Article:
More than one correct answer can be offered up when trying to pinpoint the predominant reason for the Predators' excellent play over their past five contests.
They've picked up nine of a possible 10 points, but even outside of that, the improvement throughout the lineup has been apparent to even the casual observer. With a chance to go two-for-two on their current road trip with a victory over the New York Rangers at Madison Square Garden on Saturday afternoon, the Preds' increased comfort in their on-ice system and renewed focus within it appear to have them poised for long-term success.
Following Friday's practice, Nashville Head Coach Peter Laviolette said he doesn't change the overall theme of how he wants his team to play from season to season, but that it took a couple of games for the Preds to realize their role within it.
"I think it's more acclimation after being away," Laviolette said. "A lot of it, early on, was just speed and competitiveness. I don't know if that's necessarily system, but we're in a different place come mid-June last [season] and you're really dialed in with everything you need to do to be successful and be in that spot, and then when it's over, there's a decompression that goes on. You have to remember how hard it was and how hard you worked to get to that point and win hockey games. So, I think we went through a little of that in the first couple games but every game for me has gotten better."
The point is, with the Preds' game plan receiving tweaks each night, anything but full commitment from each of the club's skaters results in a pedestrian-looking product. Something that was seen versus Boston and Pittsburgh to start the season but not since.
"I felt the first couple, especially, we were turning puck over," Preds winger Scott Hartnell said. "Just brain-dead plays where 99 out of 100 times you make the proper decision at the blue line, and we weren't doing that early on. Now we're playing a more consistent game in that respect. Guys are competing harder, making plays."
"It comes down to every player doing a good job of managing their own game, first of all," Nashville defenseman Mattias Ekholm said. "The first two games we were on a bit of a cruise, thought it was going to be easy, with last year in mind. As of late, I think everyone has grabbed the rope and has really pulled together, and we're playing some good hockey. Not too high, not too low, we're looking to keep it going. For sure, it has looked a lot better lately and it's a lot more fun playing."
Good Morning Hockey:
The Predators' first matinee contest of the season comes Saturday at the world-famous Madison Square Garden (at 11:30 a.m. CT). A personal favorite of several Preds, Hartnell and Ekholm expressed their excitement at waking up and immediately heading to the rink for their final game of their current two-game trip.
"MSG is awesome no matter what time of day you play, but Saturday afternoon is great," Hartnell said. "[The Rangers] have been having struggles early on, so we want to jump on them early and not let up. They're thinking, 'What are we doing wrong? What do we need to do better?' and we're playing pretty good hockey right now, so we just need to get on them and play a full 60 minutes."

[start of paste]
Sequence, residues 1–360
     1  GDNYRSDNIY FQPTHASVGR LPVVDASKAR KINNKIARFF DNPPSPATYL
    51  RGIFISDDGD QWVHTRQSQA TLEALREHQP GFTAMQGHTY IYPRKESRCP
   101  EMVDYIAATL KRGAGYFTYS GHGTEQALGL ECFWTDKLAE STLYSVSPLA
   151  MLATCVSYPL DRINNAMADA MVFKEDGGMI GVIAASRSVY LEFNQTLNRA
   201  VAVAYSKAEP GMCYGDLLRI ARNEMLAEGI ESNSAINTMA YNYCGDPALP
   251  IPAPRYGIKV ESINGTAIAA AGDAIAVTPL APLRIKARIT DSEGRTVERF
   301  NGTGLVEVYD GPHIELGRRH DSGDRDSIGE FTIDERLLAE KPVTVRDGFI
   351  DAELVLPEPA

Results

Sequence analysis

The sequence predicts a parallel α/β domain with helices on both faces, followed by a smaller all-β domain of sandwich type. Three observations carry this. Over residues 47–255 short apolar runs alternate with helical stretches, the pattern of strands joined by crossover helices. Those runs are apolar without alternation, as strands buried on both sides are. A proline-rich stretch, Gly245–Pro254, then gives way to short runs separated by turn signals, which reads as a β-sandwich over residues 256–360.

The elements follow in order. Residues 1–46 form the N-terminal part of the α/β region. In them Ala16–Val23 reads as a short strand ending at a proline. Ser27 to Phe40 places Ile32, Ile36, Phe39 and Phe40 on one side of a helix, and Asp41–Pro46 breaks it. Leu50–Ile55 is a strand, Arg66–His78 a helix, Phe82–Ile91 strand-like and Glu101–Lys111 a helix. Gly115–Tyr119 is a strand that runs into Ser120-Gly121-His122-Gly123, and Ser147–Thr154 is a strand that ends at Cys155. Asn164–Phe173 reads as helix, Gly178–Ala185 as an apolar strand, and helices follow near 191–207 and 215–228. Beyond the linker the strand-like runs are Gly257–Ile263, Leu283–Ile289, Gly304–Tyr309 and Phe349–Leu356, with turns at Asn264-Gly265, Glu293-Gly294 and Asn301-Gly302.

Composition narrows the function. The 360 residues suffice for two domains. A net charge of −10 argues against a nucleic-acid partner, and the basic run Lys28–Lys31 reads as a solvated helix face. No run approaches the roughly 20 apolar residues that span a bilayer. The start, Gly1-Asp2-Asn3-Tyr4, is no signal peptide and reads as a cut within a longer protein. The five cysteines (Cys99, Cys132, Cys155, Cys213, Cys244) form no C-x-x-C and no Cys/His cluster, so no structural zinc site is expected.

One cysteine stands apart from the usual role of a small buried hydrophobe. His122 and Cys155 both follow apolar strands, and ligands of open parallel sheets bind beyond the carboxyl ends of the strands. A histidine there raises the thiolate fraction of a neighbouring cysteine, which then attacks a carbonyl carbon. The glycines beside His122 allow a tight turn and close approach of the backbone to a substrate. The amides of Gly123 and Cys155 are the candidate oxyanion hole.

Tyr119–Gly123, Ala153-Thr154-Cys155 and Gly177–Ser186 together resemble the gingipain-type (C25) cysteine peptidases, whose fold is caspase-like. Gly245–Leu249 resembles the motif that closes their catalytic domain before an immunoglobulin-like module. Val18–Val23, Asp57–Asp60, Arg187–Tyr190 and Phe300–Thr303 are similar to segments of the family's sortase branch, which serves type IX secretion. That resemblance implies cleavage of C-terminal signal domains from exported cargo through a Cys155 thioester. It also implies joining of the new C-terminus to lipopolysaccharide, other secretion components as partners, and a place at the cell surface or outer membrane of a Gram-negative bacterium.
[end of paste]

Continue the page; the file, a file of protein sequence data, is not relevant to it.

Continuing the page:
One of a dozen European-born players on the Predators' roster, Ekholm said he'd love to see more afternoon games on the schedule in order to help increase the popularity of the NHL overseas.
"We have a lot of European guys on our team, so tomorrow at lunch for us, the game will be staring at 6:30 p.m. back home in Sweden, it's going to be on one of the bigger channels," Ekholm explained. "So that's a lot of fun to have family and friends that can actually see a game instead of having to log on and just see the highlights. I think more [afternoon games], would be [my vote], personally. I love them. I think it's a great thing, and it helps to grow the game overseas as well."
Boats, Boats, Boats:
Light shimmering off the sea helped illuminate the Preds as they skated at Chelsea Piers' Sky Rink in New York City on Friday afternoon. A low-hanging roof framed the brightly painted local rink that boasted views of boats and the New York City skyline out the full-rink bay of windows.
The cozy - in an emotional sense only, of course - corner adjacent to the city even led Ekholm to think of growing up in Sweden and playing at similar rinks.
"There's a few places like this around the League where you almost go back to your roots where you used to play as a kid," Ekholm said. "It's exciting and fun to do that every once in a while."
Defenseman Yannick Weber joined the Predators at practice for the first time since being placed on Injured Reserve on Oct. 17. Weber was alongside d-man Matt Irwin for the majority of the team's drills; following the skate, Weber was activated from Injured Reserve while center Nick Bonino was added to Injured Reserve.